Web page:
The Newsroom

Before I actually talk about HBO's newest hit the Newsroom, I need to confess that I am not an Aaron Sorkin fan. It's not that I dislike him or his work, I'm just not one of the legions of worshipers who rave about his rapid-fire dialogue and his sharp insight. As an actress working in the Baltimore/Washington corridor I'm biased towards creators who film in the area. David Simon kept people working for years with projects like the Wire and Barry Levinson was the creator of the first feature film I worked on, Liberty Heights. When the West Wing was being shot it was filmed elsewhere and came to town once a year to do a marathon filming session, running all of the extras ragged. It was also on during one of my long periods of no television watching, so I never saw it. The Facebook movie sounded like an exercise in torture, so the Newsroom is my first exposure to Aaron Sorkin. How did it go? The first time I tried to watch the pilot I turned it off after eleven minutes.

The Newsroom is based on the idea that our current incarnation of the nightly news is vastly in need of improvement. If you haven't seen the inciting speech that sends anchor Will McAvoy (Jeff Daniels) from complacency to panic, you can actually read it here in this GQ piece. http://www.gq.com/entertainment/tv/blogs/the-stream/2012/06/how-to-write... There's a lot going on there and some of it definitely rubbed me the wrong way. He was cruel to the woman who asked him the question, who is obviously nervous. She's a college student and stumbles over her phrasing, a sure sign that she is nervous as heck. As far as I know McAvoy's stats are correct (although I have no idea why Sorkin says his knowledge of them makes him exceptional; it's his job to know this kind of stuff. When I was working for a mortgage newspaper I could reel off facts and figures also, and I wasn't even the one writing them) so I have no quibble with them. We are doing terribly on a global scale in a lot of ways, especially when it comes to infant and maternal mortality. What I didn't like was what comes after the what's wrong part of his speech. (I also loathed the part where he tells the students in his audience that they are “are without a doubt, a member of the WORST-period-GENERATION-period-EVER-period”.)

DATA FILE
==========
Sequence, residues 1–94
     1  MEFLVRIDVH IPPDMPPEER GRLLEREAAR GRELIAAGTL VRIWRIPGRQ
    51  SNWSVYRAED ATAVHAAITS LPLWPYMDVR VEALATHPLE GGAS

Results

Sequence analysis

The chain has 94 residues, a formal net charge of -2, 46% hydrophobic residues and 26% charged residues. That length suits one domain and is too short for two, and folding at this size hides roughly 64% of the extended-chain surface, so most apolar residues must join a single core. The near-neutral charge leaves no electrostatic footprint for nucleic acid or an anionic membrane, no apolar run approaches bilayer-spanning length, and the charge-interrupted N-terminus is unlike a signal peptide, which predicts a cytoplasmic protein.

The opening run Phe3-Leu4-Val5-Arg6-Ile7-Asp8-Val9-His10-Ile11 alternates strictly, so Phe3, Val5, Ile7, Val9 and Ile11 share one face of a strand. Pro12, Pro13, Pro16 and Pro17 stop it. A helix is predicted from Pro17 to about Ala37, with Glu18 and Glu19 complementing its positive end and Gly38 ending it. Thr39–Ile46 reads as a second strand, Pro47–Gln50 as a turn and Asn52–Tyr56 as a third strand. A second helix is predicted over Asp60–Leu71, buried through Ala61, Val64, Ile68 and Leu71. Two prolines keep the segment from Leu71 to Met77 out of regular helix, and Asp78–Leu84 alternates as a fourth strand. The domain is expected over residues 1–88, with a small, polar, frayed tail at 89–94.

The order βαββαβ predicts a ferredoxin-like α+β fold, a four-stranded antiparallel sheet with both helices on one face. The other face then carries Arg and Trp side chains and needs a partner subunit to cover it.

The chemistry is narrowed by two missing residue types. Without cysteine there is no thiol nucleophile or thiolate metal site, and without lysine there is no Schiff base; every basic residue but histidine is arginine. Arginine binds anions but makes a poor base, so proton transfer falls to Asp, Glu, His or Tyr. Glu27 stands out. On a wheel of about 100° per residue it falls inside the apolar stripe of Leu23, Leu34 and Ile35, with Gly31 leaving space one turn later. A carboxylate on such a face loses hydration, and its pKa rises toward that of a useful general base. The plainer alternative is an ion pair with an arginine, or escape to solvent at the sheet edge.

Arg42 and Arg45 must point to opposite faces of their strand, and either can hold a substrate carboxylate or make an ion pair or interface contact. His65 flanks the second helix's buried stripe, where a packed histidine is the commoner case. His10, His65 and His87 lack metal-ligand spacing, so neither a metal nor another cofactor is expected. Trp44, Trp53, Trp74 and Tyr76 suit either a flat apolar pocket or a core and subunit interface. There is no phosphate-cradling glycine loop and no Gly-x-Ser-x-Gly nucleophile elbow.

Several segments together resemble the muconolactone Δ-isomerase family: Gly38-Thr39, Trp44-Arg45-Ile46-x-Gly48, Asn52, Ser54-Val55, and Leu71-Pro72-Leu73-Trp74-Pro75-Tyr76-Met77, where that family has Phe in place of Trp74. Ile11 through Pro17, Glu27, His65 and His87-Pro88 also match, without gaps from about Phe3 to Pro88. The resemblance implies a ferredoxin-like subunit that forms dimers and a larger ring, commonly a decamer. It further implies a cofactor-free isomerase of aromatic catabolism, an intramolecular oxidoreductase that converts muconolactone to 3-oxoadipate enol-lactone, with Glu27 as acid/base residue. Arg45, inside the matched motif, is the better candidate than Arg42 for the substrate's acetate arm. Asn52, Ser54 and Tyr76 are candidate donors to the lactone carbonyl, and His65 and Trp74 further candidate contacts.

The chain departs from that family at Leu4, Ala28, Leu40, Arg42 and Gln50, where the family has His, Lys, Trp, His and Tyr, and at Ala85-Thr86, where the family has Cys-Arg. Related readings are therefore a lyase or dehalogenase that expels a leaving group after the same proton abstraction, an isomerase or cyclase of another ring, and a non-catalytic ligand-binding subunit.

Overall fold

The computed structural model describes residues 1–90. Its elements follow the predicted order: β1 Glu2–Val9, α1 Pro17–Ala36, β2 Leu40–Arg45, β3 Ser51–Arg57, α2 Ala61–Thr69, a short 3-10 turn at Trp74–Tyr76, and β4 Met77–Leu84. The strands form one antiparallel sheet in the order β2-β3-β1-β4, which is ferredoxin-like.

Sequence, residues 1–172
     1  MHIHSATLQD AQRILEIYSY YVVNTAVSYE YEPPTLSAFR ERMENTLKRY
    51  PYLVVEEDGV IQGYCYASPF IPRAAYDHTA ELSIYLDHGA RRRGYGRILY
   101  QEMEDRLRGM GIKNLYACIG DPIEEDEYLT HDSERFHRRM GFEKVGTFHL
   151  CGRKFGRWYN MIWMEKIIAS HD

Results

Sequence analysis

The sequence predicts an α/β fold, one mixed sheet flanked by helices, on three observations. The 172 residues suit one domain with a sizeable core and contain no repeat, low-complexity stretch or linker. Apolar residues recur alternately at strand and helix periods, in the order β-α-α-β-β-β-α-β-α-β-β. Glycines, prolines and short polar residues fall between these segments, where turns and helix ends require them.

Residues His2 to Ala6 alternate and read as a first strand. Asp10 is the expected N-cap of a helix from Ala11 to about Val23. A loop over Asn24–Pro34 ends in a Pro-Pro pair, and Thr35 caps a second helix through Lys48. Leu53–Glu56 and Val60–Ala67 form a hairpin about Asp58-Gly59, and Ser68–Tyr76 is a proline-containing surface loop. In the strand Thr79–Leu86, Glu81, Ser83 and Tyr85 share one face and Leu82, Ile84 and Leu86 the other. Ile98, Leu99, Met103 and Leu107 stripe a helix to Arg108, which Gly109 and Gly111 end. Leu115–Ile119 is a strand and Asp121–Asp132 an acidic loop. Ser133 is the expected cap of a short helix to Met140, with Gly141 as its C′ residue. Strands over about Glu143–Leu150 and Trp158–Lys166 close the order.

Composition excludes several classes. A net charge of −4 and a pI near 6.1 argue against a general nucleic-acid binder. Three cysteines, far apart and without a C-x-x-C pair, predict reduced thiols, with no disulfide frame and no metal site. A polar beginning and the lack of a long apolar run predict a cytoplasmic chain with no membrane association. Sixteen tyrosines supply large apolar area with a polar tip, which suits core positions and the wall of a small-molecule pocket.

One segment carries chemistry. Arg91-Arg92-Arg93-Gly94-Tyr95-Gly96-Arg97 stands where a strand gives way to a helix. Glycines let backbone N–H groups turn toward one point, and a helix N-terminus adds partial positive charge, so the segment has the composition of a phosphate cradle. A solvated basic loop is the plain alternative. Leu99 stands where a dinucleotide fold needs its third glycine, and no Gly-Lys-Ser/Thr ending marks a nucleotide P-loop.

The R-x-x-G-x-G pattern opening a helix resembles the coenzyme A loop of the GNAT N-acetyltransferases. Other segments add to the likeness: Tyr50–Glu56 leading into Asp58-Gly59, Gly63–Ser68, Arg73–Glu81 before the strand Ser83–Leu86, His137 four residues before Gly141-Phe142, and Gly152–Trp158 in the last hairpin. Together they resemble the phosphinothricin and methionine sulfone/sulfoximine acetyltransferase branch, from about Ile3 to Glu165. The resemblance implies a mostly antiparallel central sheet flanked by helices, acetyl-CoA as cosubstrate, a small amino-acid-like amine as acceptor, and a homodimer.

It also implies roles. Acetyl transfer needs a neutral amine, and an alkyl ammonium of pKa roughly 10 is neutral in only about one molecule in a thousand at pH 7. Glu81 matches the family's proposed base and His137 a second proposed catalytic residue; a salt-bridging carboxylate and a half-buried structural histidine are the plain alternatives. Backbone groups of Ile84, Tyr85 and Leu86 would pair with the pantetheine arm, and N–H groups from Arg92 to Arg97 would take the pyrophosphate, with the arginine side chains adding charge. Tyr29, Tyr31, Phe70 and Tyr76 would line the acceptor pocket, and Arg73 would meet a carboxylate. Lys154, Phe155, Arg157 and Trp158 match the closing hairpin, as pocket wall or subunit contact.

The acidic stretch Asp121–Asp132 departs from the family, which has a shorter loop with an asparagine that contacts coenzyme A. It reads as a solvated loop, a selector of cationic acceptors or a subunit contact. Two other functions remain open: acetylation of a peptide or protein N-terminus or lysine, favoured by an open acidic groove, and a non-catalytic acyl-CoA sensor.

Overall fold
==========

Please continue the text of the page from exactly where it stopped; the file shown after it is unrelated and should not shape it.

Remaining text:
He goes into a typical rant of someone who longs for an age that never existed. Of someone who wishes they still lived in a time when their particular subset of culture was in control. Also he says that people used to be informed, when we live in a time where we have access to more information than ever before! And then he walks off the stage and pretends he doesn't know what he said, blaming it on vertigo medicine. UGH. The weasliness of not owning his words was the final straw to me. I turned off the show and let it fester for a few days. Then I watched it with a college student to see if I was being oversensitive to the worst generation comment. Once they had assured me that I was not we settled in and watched the rest of the show.

Will is already in big trouble because his spur of the moment speech spread like wildfire online. Then he discovers that most of his staff is leaving for a later news broadcast and his new EP is his ex-girlfriend, whose loss he has never quite gotten over. But enough about Will, who is not very likeable AND kind of boring.

Characters that shine in this series are Mackenzie MacHale (Mac), beautifully played by Emily Mortimer, Jim Harper, played by John Gallagher Jr., Maggie Jordan, played by Alison Pill and my favorite, Neal Sampat played by Dev Patel. Mac is the aforementioned ex of Will and the soul and conscience of the show. Jim is her number two, freshly back from covering war zones with her. Maggie is idealistic and a little insecure. She is dating the previous EP,whose name escapes me, and as the pilot begins she is Will's assistant, but only because he forgot she was an intern and called her his assistant. (He also doesn't know her name, or indeed most of the employees' names. In an awful racist moment he calls Neal Punjab, which made me cringe and hide under my pillow.) Neal writes Will's blog and is extremely sharp and on top of everything. He seems to be the repository of information in the newsroom. He is the only one who can explain the new email system and he is the one to realize the importance of the Deepwater Horizon oil rig explosion. It's no secret that I'm a longtime fan of Dev Patel's. I've loved his work since I saw him in the UK version of Skins. He shines in the Newsroom, even when he is just background. His reactions to the other characters are hilarious. I'm also very taken by the performances of the others I just mentioned. Emily Mortimer is fantastic as Mac, a role I imagine must be challenging, and not just because of all the walk and talks and the fast dialogue. She has some very sexist lines and she spends much of the second episode trying to convince everyone Will is a great guy, in the face of tons of evidence that says the exact opposite.

Also fabulous, as if there would be any doubt, is Sam Waterston as Will's boss Charlie Skinner. He is adorable, charismatic and hugely funny. He makes watching this show worthwhile even if there were nothing else redeeming about it. But there is. So for now I will tune in. Maybe Will will experience a revelation and stop screaming and scaring his employees, hollering at students and generally being a sexist, racist and ageist curmudgeon. I hope.

You can watch the first episode for free here: http://youtu.be/1U4ZhFDFYvE

Bonus Treat:
This week's bonus treat is a short animation based on one of Kate Beaton's comics, namely Brown Recluse Spider-Man. The original comics are here: http://harkavagrant.com/index.php?id=308 and the animated version is here: http://beatonna.tumblr.com/post/26559073611/so-great-sketchamagowza-brow.... It is in fact as awesome as it sounds.